Pheromone

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Fanning  exposes  gland (white-at tip of abdomen) releasing pheromone to entice swarm into an empty hive
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Fanning honeybee exposes Nasonov gland (white-at tip of abdomen) releasing pheromone to entice swarm into an empty hive

A pheromone is any chemical produced by a living organism that transmits a message to other members of the same species. There are alarm pheromones, food trail pheromones, sex pheromones, and many others. Their use among insects has been particularly well documented, although many vertebrates also communicate using pheromones. Their use by humans is controversial.

Insect pheromones of pest species, such as the Japanese beetle and the gypsy moth, can be used to trap them or to create confusion so that the pests do not lay eggs on crops.

In mammals and reptiles, pheromones may be detected by the vomeronasal organ, or Jacobson's organ, which lies between the nose and mouth, although some are detected by regular olfactory membranes.

Human pheromones

Pheromones are a popular device in fiction, including the novel Jitterbug Perfume by Tom Robbins and the film Love Potion Number Nine. They were also mentioned in an episode of Wolfgang Petersen's The Agency.

Some commercially-available substances are advertised using claims that the products contain sex pheromones and can act as an aphrodisiac. These claims often lack credence due to an excessive marketing of pheromones by unsolicited e-mail, and their effectiveness has not been demonstrated scientifically.

Nevertheless, a few well-controlled scientific studies have been published demonstrating that humans may use pheromones in some circumstances. The best-studied case involves the synchronization of menstrual cycles among women based on odor cues (by Martha McClintock (http://pondside.uchicago.edu/ceb/faculty/mcclinto.html), Professor of Psychology at the University of Chicago). This study states that there are two types of pheromone involved: "One, produced prior to ovulation, shortens the ovarian cycle, and the second, produced just at ovulation, lengthens the cycle". Other studies have suggested that people can use odor cues to select mates who are not closely related to themselves.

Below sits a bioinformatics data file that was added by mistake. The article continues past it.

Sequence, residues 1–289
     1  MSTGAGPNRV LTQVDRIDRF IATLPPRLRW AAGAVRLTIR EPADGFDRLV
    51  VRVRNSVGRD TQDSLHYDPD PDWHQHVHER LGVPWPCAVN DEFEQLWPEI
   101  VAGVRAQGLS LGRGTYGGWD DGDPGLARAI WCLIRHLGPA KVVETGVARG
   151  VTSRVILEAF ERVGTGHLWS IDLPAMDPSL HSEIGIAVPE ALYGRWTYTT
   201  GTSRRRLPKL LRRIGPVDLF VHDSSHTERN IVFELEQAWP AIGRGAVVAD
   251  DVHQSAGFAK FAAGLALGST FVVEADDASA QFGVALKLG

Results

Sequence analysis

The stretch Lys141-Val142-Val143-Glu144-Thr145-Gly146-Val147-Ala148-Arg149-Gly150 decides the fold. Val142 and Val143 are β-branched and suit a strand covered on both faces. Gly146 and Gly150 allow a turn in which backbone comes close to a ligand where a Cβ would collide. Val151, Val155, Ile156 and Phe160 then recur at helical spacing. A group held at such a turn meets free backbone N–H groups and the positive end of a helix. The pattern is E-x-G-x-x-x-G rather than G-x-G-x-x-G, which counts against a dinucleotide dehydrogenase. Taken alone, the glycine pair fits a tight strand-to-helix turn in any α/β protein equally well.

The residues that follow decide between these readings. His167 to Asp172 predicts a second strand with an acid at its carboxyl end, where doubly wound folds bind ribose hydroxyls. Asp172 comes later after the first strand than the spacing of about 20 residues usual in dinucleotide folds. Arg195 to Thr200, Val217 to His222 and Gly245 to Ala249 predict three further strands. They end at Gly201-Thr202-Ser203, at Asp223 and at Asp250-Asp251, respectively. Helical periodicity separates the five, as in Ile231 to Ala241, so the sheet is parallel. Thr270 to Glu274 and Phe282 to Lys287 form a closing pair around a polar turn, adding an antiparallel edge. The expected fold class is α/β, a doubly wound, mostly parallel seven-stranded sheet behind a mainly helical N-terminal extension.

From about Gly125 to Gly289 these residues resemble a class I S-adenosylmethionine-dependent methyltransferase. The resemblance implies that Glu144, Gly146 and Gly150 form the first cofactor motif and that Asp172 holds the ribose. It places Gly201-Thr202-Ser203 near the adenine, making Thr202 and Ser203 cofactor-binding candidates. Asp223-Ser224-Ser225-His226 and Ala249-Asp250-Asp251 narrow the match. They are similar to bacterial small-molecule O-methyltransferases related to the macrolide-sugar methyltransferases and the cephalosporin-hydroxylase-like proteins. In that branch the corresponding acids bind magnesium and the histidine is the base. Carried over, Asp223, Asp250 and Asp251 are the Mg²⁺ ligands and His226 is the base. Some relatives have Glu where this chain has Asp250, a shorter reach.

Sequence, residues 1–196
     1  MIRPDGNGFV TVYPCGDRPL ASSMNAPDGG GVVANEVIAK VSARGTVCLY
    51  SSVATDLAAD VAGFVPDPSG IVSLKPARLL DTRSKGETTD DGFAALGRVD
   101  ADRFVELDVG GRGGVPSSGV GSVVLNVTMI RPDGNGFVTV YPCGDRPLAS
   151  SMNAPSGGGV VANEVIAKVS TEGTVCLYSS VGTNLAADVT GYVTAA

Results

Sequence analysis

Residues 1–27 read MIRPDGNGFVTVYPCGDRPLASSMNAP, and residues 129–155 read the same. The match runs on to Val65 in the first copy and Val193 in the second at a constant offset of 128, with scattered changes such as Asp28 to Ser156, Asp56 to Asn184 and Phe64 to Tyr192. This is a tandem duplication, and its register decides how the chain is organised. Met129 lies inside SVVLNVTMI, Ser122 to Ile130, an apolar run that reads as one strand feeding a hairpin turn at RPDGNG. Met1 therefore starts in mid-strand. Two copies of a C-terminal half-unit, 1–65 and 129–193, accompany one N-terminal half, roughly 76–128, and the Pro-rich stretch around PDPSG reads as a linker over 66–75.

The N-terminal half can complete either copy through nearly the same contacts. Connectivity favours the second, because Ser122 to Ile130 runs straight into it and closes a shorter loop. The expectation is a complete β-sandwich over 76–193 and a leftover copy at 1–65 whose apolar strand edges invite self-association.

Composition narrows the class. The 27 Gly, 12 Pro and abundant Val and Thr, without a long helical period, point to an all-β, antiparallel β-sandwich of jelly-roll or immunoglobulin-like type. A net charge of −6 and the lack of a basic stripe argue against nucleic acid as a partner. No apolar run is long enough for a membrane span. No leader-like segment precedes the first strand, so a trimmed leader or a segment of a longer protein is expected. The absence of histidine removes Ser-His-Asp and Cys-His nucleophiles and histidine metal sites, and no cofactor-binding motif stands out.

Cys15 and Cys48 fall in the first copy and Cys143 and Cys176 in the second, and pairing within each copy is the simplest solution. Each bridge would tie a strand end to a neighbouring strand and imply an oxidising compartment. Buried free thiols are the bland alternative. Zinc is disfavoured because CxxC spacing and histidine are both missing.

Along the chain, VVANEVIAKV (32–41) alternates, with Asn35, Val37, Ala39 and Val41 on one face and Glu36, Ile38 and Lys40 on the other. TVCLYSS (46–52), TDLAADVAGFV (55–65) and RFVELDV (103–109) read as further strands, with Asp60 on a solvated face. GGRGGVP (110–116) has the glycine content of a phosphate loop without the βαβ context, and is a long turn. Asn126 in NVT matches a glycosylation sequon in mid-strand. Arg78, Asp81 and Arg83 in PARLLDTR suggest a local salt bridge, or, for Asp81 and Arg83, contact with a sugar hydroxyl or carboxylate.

Pheromones in humans are believed to be produced by the apocrine glands. These glands become functional after reaching puberty, which could explain why most people become attracted to the opposite sex at that time. Pheromones could also be the reason why we feel that instant attraction, or dislike when we first meet someone.

"Using a brain imaging technique, Swedish researchers have shown that homosexual and heterosexual men respond differently to two odors that may be involved in sexual arousal, and that the gay men respond in the same way as women. The new research may open the way to studying human pheromones, as well as the biological basis of sexual preference. Pheromones, chemicals emitted by one individual to evoke some behavior in another of the same species, are known to govern sexual activity in animals, but experts differ as to what role, if any, they play in making humans sexually attractive to one another." New York Times (http://www.nytimes.com/2005/05/09/science/09cnd-smell.html?ei=5065&en=bf437458d36709cf&ex=1116302400&partner=MYWAY&pagewanted=print)

See also

External Links

da:Feromon de:Pheromon es:Feromona fr:Phromone he:פרומון ja:フェロモン nl:Feromoon pl:Feromony

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